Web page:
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Re: Is pet insurance really worth it?

Postby JONOV » Fri Jul 27, 2018 8:19 am

averageguy wrote:JONOV, What can you tell me/us about how many vets will accept the Insurance you have purchased? On my mind is how likely is a guy to find a vet to honor it in rural areas or while on an out of state hunt. Or does the Insurance coverage apply to any vet you might need to get services from?

Yes. I bought it from Nationwide. Some vets take it and work with it, but if they don't I submit the claim through them and they reimburse me.
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Re: Is pet insurance really worth it?

Postby averageguy » Fri Jul 27, 2018 8:47 am

Thank You, JONOV

Yesterday I decided I was overdue to educate myself a little further and Google lead me to Nationwide who claims to be the number one in this line of insurance. Their website provides a place to input information on your dog and provides quotes for full coverage and catastrophic coverages. The catastrophic coverage was quoted at $27 a month with a $250 annual deductible. And it has a list of medical items and the amount covered for each.

Having gone through an expensive stick up the nose with my current dog, I looked it up. They list something called Nasal Cavity Foreign Object which seems to fit, and the amount is $485 of coverage which is one fourth of what I spent to scope and remove the stick at a speciality Blue Pearl ER over a weekend. And I would have had to spend $574 prior to get the $485 back. So would not seem to have been a good payback in that instance.

We also just went through a Cornea Ulcer incident and I see the coverage there is $630 which is well beyond what I spent on that incident but having to spend $574 before any coverage kicks in would not have made that a good financial payback either.

Seems the bottom line is the insurance might work out to a persons advantage if something really expensive occurs AND the coverage happens to be good for that item. I suspect as more folks elect to get coverage the economics of group rates will start to make the insurance option more attractive. Not clear to me that is now. Might be, just depends ...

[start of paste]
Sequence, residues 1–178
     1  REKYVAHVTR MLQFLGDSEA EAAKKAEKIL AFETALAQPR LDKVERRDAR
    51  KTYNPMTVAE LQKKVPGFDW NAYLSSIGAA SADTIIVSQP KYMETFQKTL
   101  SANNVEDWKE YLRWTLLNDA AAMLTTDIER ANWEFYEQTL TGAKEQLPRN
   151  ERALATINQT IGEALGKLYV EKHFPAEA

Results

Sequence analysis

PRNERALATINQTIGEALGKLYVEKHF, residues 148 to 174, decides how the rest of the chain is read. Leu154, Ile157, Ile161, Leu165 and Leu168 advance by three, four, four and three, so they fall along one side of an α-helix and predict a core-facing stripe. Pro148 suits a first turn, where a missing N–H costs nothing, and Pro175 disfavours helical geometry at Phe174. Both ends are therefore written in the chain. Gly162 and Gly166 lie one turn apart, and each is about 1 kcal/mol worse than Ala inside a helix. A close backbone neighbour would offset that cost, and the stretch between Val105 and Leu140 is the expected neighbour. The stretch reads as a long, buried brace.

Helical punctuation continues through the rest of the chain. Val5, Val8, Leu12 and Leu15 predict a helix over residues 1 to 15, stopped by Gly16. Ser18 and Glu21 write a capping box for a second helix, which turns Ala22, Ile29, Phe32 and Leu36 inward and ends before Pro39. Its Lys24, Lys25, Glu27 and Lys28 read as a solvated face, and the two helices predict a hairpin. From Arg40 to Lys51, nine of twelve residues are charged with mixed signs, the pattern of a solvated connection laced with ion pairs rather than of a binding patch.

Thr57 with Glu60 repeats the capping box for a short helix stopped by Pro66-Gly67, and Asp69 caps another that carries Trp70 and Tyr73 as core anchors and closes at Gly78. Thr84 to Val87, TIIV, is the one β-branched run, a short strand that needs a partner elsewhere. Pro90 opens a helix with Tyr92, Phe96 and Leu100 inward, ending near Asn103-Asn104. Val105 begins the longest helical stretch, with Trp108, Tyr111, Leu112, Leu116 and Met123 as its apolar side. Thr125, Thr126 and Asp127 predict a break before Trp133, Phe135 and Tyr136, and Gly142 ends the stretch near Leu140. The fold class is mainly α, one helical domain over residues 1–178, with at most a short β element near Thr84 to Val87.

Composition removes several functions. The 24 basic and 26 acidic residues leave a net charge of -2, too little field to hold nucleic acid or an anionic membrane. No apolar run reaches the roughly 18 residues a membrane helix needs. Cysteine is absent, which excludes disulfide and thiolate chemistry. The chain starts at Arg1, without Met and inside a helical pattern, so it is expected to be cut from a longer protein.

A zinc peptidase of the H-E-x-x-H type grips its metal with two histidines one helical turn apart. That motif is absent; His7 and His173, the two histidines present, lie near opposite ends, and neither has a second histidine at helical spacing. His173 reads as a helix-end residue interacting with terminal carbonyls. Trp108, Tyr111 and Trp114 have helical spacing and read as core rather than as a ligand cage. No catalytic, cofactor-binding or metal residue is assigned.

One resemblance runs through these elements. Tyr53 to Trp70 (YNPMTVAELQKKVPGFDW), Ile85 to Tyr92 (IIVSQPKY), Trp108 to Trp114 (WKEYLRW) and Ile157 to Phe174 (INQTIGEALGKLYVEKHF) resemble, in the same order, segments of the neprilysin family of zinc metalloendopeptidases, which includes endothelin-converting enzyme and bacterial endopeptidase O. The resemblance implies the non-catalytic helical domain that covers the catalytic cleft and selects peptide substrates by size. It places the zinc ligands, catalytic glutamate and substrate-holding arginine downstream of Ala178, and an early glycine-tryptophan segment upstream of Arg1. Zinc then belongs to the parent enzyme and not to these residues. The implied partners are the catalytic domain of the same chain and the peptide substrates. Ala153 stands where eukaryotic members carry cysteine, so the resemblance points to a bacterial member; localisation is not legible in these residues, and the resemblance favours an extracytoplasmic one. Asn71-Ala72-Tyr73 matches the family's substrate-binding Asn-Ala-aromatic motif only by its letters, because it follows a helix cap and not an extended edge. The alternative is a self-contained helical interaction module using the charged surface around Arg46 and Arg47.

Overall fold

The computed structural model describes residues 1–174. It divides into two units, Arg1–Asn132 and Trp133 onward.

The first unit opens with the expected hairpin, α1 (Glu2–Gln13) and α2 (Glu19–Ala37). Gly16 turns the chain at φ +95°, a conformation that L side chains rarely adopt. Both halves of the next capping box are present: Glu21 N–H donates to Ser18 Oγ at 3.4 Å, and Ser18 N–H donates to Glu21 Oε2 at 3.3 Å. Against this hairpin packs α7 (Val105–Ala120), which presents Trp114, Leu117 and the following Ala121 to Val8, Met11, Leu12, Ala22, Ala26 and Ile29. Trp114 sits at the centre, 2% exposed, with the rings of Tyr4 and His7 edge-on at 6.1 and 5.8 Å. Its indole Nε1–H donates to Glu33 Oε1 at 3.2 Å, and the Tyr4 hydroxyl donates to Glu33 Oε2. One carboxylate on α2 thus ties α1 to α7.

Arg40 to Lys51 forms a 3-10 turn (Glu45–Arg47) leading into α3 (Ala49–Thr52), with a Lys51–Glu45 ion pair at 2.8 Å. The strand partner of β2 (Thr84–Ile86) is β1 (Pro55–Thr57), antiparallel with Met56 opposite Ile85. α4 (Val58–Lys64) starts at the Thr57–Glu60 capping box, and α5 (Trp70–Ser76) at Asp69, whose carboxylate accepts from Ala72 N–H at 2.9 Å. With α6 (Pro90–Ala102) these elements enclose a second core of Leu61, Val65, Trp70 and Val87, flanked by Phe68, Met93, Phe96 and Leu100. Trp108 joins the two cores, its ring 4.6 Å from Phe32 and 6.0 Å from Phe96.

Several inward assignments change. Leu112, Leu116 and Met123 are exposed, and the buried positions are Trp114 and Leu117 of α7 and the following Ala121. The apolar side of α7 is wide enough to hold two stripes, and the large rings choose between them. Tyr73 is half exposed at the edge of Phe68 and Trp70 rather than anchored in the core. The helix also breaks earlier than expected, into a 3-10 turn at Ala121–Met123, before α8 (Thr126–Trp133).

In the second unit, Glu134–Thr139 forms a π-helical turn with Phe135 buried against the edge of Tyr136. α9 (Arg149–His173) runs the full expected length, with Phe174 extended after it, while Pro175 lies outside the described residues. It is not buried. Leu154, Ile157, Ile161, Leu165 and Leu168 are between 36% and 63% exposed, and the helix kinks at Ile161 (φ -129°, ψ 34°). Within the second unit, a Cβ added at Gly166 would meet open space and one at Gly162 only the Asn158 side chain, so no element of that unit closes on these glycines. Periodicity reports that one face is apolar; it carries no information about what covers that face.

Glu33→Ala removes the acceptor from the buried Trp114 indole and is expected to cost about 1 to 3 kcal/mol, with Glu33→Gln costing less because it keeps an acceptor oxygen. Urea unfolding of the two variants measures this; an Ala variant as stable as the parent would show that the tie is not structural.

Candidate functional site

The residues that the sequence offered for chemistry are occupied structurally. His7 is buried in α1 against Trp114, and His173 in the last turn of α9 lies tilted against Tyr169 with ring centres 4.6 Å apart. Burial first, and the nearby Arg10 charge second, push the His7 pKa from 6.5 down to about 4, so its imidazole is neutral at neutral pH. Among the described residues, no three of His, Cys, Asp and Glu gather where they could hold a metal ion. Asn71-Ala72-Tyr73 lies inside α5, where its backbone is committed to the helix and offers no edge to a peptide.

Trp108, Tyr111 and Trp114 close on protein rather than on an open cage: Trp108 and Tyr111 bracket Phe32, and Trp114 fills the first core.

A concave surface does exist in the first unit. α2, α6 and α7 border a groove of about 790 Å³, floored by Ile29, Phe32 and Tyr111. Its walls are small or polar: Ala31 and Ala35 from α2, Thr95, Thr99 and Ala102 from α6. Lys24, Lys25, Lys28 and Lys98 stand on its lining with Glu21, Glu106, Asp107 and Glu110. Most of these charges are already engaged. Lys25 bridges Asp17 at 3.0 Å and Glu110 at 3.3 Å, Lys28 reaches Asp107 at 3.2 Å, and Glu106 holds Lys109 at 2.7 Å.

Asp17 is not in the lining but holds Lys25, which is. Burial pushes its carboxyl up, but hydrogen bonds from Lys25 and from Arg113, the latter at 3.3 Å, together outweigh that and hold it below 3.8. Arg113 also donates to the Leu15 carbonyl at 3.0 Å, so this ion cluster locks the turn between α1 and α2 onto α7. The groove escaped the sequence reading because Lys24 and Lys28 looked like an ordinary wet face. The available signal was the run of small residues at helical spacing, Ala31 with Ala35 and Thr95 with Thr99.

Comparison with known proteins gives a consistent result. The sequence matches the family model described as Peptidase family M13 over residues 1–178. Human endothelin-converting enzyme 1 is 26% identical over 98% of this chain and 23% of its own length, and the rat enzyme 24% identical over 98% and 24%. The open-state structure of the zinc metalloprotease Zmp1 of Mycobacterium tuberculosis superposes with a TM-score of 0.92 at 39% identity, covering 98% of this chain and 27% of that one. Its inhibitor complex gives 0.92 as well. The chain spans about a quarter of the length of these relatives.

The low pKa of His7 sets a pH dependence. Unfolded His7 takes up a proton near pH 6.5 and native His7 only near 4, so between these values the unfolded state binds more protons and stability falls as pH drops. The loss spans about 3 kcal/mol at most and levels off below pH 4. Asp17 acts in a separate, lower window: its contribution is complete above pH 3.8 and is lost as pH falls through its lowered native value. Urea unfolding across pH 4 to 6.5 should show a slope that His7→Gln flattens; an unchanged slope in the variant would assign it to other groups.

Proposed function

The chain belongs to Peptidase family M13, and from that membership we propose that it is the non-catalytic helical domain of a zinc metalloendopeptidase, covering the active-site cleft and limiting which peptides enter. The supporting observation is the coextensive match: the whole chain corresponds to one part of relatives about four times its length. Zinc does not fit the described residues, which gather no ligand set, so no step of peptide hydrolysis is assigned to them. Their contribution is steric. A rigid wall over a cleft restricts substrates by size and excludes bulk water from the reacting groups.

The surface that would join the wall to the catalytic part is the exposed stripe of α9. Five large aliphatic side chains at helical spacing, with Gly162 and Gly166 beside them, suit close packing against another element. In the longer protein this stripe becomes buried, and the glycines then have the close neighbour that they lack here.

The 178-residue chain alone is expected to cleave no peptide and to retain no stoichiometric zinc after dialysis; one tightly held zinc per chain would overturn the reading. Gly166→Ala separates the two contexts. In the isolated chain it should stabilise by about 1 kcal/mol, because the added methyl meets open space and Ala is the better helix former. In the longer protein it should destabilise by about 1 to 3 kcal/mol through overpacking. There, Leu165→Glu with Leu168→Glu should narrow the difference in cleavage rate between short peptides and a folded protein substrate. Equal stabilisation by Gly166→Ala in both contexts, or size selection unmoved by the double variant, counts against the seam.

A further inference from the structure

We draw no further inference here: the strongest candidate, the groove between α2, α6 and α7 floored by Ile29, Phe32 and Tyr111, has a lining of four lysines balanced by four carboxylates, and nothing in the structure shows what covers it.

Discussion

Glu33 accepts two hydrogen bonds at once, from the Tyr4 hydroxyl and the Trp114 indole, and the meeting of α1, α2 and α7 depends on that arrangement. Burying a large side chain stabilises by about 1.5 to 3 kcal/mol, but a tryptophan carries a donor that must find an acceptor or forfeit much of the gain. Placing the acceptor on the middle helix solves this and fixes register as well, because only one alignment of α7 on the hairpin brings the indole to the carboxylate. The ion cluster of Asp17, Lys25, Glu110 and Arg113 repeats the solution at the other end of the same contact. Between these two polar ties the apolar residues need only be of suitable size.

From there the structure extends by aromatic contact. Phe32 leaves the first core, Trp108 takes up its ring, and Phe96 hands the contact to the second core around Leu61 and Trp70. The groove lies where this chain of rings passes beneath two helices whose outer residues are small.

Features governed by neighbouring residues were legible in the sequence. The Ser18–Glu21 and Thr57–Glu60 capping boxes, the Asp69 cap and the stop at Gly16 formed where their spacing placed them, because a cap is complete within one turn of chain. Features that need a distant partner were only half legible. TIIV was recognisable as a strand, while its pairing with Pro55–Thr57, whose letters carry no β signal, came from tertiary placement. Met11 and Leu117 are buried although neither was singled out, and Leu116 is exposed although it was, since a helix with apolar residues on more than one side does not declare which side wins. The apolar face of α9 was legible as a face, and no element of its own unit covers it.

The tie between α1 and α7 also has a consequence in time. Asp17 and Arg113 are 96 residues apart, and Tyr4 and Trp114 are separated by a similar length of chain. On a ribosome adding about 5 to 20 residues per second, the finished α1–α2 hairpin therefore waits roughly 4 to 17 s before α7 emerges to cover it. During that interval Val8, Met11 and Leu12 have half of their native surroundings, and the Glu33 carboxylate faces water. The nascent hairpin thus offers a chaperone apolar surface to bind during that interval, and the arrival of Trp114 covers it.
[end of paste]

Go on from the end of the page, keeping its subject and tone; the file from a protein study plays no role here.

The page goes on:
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Re: Is pet insurance really worth it?

Postby JONOV » Fri Jul 27, 2018 10:02 am

averageguy wrote:Thank You, JONOV

Yesterday I decided I was overdue to educate myself a little further and Google lead me to Nationwide who claims to be the number one in this line of insurance. Their website provides a place to input information on your dog and provides quotes for full coverage and catastrophic coverages. The catastrophic coverage was quoted at $27 a month with a $250 annual deductible. And it has a list of medical items and the amount covered for each.

Having gone through an expensive stick up the nose with my current dog, I looked it up. They list something called Nasal Cavity Foreign Object which seems to fit, and the amount is $485 of coverage which is one fourth of what I spent to scope and remove the stick at a speciality Blue Pearl ER over a weekend. And I would have had to spend $574 prior to get the $485 back. So would not seem to have been a good payback in that instance.

We also just went through a Cornea Ulcer incident and I see the coverage there is $630 which is well beyond what I spent on that incident but having to spend $574 before any coverage kicks in would not have made that a good financial payback either.

Seems the bottom line is the insurance might work out to a persons advantage if something really expensive occurs AND the coverage happens to be good for that item. I suspect as more folks elect to get coverage the economics of group rates will start to make the insurance option more attractive. Not clear to me that is now. Might be, just depends ...


I understand where you're coming from. The big thing in my mind was an ACL tear. They reimburse $2750 for that, and that was about the range I got talking to local vets.

One thing I will say about vets...Shop around, don't be afraid to ask questions. They aren't all created equal. No different than Doctors or Mechanics.